By now you know that the usefulness of golf carts actually goes far beyond the golf course. They can be used almost anywhere a car can't -- and even in some places where cars can. Many communities have begun building golf-cart paths. These communities aren't just built around golf courses, either. Instead, golf cart paths are used to promote a car-free lifestyle for the residents. Instead of hopping in their cars to go wherever they need to go, residents in these areas jump into their own personal golf carts. When used this way, golf carts are called Neighborhood Electric Vehicles (NEVs).
Peachtree City, Ga., a community south of Atlanta, is one area that has encouraged NEV use among its residents. Peachtree City has more than 90 miles (144.8 kilometers) of golf cart paths, and residents use them to travel between the five villages in the community. Many high school students within the community take golf carts to school, and the golf cart usage has not only helped to lower traffic -- it's also helped Peachtree City make CNN/Money's list of the Best Places to Live [source: CNN/Money].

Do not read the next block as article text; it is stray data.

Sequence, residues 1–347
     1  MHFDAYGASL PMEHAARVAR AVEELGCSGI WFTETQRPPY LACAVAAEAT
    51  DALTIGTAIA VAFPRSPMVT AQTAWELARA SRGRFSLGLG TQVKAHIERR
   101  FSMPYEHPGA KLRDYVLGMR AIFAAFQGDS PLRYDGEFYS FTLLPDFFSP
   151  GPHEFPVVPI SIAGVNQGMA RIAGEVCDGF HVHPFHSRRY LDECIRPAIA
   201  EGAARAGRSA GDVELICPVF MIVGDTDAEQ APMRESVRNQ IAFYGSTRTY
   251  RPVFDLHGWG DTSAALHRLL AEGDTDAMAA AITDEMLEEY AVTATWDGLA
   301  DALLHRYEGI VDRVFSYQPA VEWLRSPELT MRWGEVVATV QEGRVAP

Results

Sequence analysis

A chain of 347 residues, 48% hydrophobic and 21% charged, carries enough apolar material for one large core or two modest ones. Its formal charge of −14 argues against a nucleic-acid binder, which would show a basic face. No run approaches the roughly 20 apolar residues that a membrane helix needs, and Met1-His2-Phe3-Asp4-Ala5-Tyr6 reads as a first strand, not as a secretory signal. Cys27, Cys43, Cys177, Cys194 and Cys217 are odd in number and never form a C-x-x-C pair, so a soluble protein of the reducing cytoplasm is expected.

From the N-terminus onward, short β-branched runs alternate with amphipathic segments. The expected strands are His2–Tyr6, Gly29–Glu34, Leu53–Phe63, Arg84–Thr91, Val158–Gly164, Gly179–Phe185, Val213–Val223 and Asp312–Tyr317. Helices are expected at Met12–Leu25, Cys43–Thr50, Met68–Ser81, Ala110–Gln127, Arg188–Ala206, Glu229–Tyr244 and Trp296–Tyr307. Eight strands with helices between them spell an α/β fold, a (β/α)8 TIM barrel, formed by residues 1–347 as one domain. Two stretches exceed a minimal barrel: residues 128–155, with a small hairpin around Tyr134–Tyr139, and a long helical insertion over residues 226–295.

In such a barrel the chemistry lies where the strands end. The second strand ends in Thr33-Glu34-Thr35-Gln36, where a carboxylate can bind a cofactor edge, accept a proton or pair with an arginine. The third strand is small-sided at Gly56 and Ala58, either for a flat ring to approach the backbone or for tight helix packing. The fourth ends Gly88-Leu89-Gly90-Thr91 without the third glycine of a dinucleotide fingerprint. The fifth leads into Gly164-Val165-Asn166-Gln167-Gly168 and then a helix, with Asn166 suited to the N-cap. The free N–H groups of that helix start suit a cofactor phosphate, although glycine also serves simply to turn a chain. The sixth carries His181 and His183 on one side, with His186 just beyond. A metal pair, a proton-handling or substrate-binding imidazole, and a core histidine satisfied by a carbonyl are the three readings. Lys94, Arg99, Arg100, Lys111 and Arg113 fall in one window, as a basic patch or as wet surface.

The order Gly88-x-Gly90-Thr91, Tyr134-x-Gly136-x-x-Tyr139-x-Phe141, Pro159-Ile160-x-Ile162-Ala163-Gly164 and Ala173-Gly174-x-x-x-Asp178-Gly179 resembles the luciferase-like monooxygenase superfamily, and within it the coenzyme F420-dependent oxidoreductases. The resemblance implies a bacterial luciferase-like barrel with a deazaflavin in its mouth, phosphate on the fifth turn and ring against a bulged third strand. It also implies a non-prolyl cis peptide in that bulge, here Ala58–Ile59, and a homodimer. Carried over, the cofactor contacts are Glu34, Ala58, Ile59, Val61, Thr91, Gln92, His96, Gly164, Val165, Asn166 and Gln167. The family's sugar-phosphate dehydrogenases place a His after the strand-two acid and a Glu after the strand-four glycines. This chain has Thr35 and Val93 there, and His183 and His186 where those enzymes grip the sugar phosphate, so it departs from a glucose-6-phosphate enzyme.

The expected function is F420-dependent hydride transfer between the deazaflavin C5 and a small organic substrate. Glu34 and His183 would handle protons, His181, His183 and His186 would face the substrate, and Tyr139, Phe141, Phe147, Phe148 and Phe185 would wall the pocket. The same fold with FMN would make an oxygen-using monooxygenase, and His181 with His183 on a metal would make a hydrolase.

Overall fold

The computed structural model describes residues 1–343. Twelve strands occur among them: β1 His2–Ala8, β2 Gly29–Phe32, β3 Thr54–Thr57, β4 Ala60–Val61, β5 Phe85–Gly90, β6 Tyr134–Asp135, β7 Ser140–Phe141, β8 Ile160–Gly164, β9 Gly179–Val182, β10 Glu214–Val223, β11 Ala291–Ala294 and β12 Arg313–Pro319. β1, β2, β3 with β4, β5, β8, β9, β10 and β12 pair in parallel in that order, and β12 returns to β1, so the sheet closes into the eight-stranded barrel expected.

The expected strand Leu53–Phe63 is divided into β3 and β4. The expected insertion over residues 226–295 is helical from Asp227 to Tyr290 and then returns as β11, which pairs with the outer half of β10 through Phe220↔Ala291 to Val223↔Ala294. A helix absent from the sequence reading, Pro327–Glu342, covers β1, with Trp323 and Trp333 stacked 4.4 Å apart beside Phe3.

But, people in Peachtree City and other NEV-friendly communities may have another reason to get a golf cart: a new tax credit for NEVs. The Obama administration's economic stimulus bill provides a provision for a $2,500 tax credit for people who purchase a NEV in 2009. Of course, not all golf carts qualify for NEV status, but many do.
With all the available accessories for personalization, an increase in the number of communities embracing golf carts over cars and now a tax credit, maybe the better way of thinking about them isn't to wonder how they work, but instead to wonder at how they work so well in a variety of applications.
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